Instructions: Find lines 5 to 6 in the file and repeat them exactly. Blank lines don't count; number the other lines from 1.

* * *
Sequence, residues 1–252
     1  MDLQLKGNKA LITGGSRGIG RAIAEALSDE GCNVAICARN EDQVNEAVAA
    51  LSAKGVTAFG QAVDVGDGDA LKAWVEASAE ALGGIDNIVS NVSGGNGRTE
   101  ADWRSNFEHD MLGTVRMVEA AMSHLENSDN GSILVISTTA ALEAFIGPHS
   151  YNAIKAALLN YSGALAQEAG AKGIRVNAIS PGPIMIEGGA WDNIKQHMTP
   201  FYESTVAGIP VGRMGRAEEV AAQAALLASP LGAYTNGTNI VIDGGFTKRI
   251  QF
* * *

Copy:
   151  YNAIKAALLN YSGALAQEAG AKGIRVNAIS PGPIMIEGGA WDNIKQHMTP
   201  FYESTVAGIP VGRMGRAEEV AAQAALLASP LGAYTNGTNI VIDGGFTKRI